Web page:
# How to prove $\sum_{k=1}^{n}f(a_k)\leq nf\left(\frac{b}{n}\right)$ for sufficiently large $n$ here?

Let $$0, $$f\in C^1\left([0,b]\right)$$. Assume that $$f$$ is concave on $$[0,a]$$ and convex on $$[a,b]$$ with $$f'(0)>f'(b)$$. Please prove that there exist $$n_0\in\mathbb{N}$$ which is sufficiently large, such that for any $$n\geq n_0$$ and $$a_1+a_2+...+a_n=b$$ with $$a_i\geq 0$$ ($$i=1,2,...,n$$), we have $$\sum_{i=1}^nf(a_i)\leq nf\left(\frac{b}{n}\right)$$.

Simple observation shows that if $$a_i\in [0,a]$$ for all $$i$$, the result is easy to prove. However, I cannot deal with the situation that there exists some $$i_0$$ such that $$a_{i_0}\in(0,b]$$. I guess that such case is related with the statement that $$f'(0)>f'(b)$$, but I do not know how to continue the proof. Could you give me some references or hints?

Denote $$b/n=s$$. We want a pointwise bound $$f(x)\leqslant f(s)+(x-s)f'(s),\label{1}\tag{\heartsuit}$$ then summing \eqref{1} up for $$x=a_1,\ldots,a_n$$ we get the desired inequality. Note that if $$s (that holds for $$n>b/a$$) we get \eqref{1} on $$[0,a]$$ by concavity. For proving \eqref{1} on $$[a,b]$$, by convexity it suffices to verify \eqref{1} for $$x=a$$ and $$x=b$$. For $$x=a$$ this is already done, for $$x=b$$ it reads as $$f(b)\leqslant f(s)+(b-s)f'(s).$$ When $$n$$ is large, RHS converges to $$f(0)+bf'(0)$$. Thus it suffices to check that $$f(b) Assume the contrary: $$f(b)\geqslant f(0)+bf'(0).$$ We have $$f(x)\leqslant f(0)+f'(0)x$$ for all $$x\in [0,a]$$ by concavity. Denote by $$c$$ the endpoint of the maximal segment $$[0,c]$$ on which we have $$f(x)\leqslant f(0)+f'(0)x$$. Then $$c\in [a,b]$$ and we have $$f(c)=f(0)+f'(0)c$$ (otherwise $$c$$ is not maximal). This yields $$f'(c)=\lim_{x\to c-0}\frac{f(c)-f(x)}{c-x}\geqslant f'(0).$$ Since $$f'$$ increases on $$[a,b]$$ by convexity we get $$f'(b)\geqslant f'(c)\geqslant f'(0)$$, a contradiction.

Without loss of generality (wlog), $$\begin{equation*} 0\le a_1\le\cdots\le a_p\le a\le a_{p+1}\le\cdots\le a_n\le b \tag{1}\label{1} \end{equation*}$$ for some $$p\in\{0,\dots,n\}$$. Also, by approximation, wlog $$f$$ is strictly convex on $$[a,b]$$.

If $$p=0$$, then $$a_i\ge a$$ for all $$i\in\{0,\dots,n\}$$ and hence $$b=\sum_1^n a_i\ge na$$, which is impossible if $$\begin{equation*} n>b/a, \tag{2}\label{2} \end{equation*}$$ which will be assumed henceforth. So, $$p\ge1$$. Letting now $$\begin{equation*} s:=\sum_1^p a_i \tag{3}\label{3} \end{equation*}$$ and recalling that $$f$$ is concave on $$[0,a]$$, we have $$\begin{equation*} S:=\sum_{i=1}^n f(a_i)\le T:=pf(s/p)+\sum_{i=p+1}^n f(a_i). \tag{4}\label{4} \end{equation*}$$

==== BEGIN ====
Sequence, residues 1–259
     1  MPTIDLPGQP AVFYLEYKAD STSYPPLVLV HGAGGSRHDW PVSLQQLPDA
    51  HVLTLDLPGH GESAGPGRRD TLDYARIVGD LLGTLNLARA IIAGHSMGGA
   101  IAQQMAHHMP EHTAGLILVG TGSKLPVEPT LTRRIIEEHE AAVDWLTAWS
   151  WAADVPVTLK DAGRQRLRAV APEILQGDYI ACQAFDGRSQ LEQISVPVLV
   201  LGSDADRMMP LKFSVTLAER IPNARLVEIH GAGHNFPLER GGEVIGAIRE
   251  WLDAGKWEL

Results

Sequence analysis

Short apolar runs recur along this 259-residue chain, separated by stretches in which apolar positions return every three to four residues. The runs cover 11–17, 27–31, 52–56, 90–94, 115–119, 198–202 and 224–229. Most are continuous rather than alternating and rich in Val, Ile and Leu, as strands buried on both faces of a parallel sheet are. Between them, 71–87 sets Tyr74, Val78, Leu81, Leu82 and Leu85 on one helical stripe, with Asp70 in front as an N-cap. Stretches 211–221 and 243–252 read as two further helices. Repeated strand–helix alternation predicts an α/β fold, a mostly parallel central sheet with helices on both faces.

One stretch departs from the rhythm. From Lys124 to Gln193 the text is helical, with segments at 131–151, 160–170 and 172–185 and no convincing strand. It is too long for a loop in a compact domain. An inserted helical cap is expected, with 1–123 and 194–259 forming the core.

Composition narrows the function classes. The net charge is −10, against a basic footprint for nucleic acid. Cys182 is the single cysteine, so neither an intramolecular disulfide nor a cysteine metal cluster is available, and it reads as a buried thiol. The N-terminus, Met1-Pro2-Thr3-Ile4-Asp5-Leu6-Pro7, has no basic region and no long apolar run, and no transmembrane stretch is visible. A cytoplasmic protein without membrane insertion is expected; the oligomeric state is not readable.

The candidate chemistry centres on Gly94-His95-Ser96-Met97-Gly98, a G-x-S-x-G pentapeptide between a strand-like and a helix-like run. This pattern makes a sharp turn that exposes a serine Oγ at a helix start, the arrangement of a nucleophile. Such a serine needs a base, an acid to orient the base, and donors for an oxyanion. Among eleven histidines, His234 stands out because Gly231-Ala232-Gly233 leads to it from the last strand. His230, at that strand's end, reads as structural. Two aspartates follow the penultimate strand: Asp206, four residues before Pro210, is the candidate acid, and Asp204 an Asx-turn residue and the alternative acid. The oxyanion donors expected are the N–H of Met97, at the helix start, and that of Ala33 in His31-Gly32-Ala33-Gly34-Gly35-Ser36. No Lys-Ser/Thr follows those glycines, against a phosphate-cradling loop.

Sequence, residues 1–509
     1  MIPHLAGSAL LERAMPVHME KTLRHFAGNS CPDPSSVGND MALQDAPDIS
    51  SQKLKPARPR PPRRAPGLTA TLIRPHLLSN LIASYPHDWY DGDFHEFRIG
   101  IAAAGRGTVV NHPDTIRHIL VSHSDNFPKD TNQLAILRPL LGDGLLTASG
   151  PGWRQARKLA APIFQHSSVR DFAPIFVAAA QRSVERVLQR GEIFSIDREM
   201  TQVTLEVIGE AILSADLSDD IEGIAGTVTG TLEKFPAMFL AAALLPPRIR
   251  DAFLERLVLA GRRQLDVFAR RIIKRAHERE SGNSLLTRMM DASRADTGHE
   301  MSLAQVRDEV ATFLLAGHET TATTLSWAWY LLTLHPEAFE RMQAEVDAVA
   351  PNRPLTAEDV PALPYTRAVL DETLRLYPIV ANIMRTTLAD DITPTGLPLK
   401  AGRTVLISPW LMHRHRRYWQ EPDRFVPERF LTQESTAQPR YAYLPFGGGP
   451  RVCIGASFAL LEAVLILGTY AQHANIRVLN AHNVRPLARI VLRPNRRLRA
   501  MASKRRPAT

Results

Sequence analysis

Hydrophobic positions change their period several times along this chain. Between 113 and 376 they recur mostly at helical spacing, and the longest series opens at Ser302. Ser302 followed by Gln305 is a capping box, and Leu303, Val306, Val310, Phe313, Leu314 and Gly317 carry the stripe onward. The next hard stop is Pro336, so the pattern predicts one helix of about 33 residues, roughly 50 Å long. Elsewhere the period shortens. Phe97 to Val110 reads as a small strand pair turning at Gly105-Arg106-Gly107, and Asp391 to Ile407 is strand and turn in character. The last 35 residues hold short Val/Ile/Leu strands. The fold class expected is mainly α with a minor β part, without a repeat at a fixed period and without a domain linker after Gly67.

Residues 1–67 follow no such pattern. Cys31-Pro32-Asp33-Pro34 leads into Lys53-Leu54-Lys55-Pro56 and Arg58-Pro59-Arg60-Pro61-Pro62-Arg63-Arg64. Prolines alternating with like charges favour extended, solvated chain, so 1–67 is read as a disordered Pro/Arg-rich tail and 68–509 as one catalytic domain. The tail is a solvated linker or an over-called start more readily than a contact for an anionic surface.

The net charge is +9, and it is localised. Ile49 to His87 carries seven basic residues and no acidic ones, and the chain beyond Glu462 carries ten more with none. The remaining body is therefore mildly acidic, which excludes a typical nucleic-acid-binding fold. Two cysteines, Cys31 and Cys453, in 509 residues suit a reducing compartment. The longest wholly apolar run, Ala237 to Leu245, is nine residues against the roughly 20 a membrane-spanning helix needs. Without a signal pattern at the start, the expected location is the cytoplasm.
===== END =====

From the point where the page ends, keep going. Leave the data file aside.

It is enough to show that $$\begin{equation*} T\le nf(b/n) \tag{5}\label{5} \end{equation*}$$ for all large enough $$n$$. Since $$f$$ is continuous on $$[a,b]$$, the sum $$\sum_{i=p+1}^n f(a_i)$$ attains a maximum over all $$(a_{p+1},\dots,a_n)$$ such that $$a\le a_{p+1}\le\cdots\le a_n\le b$$ and $$\sum_{i=p+1}^n a_i=b-s$$ (with $$n,p,s$$ fixed). In what follows, let $$(a_{p+1},\dots,a_n)$$ be a corresponding maximizer.

One of the following two cases takes place:

Case 1: $$a_n=b$$ or Case 2: $$a_n.

Consider Case 1. Then $$a_1=\cdots=a_{n-1}=0$$ and $$p=n-1$$, whence \eqref{5} can be rewritten as $$\begin{equation*} f(b)-f(0)\le n[f(b/n)-f(0)]. \tag{6}\label{6} \end{equation*}$$ We have (i) $$f'\le f'(0)$$ on $$[0,a]$$, since $$f$$ is concave on $$[0,a]$$ and (ii) $$f'\le f'(b) on $$[a,b]$$, since $$f$$ is convex on $$[a,b]$$. Therefore and because $$a, we have $$f(b)-f(0)=\int_0^b f'. On the other hand, $$n[f(b/n)-f(0)]\to bf'(0)$$ as $$n\to\infty$$. So, for all large enough $$n$$, \eqref{6} holds, and hence \eqref{5} holds.

Now Consider Case 2. Then, by the strict convexity of $$f$$ on $$[a,b]$$, at most one of the coordinates $$a_{p+1},\cdots,a_n$$ of the maximizer $$(a_{p+1},\dots,a_n)$$ can be in the interval $$(a,b)$$, and hence at most one of the numbers $$a_{p+1},\dots,a_n$$ can be in the interval $$(a,b]$$. So,
$$\begin{equation*} T=g(s):=pf(s/p)+(n-p-1)f(a)+f(b-s-(n-p-1)a) \tag{7}\label{7} \end{equation*}$$ and $$\begin{equation*} 0\le s\le pa,\quad n-p-1\ge0,\quad b-s-(n-p-1)a\ge a. \tag{8}\label{8} \end{equation*}$$ The last inequality in \eqref{8} means $$\begin{equation} s\le b-(n-p)a. \tag{9}\label{9} \end{equation}$$ For all $$t\in[0,b-(n-p)a]$$ we have $$t/p\in[0,a]$$ (by \eqref{2}) and $$b-t-(n-p-1)a\in[a,b]$$, so that, by the convexity of $$f$$ on $$[0,a]$$ and the convexity of $$f$$ on $$[a,b]$$,
$$\begin{equation*} g'(t)=f'(t/p)-f'(b-t-(n-p-1)a)\ge f'(a)-f'(a)=0, \end{equation*}$$
so that $$g$$ is nondecreasing on $$[0,b-(n-p)a]$$. So, by \eqref{7} and \eqref{9},
$$\begin{equation*} T\le g(b-(n-p)a)=pf\Big(\frac{b-(n-p)a}p\Big)+(n-p)f(a)\le nf\Big(\frac bn\Big), \end{equation*}$$ since $$f$$ is concave on $$[0,a]$$ and $$\frac{b-(n-p)a}p\in[0,a]$$ (by \eqref{8} and \eqref{2}). Thus, \eqref{5} holds in Case 2 as well. $$\quad\Box$$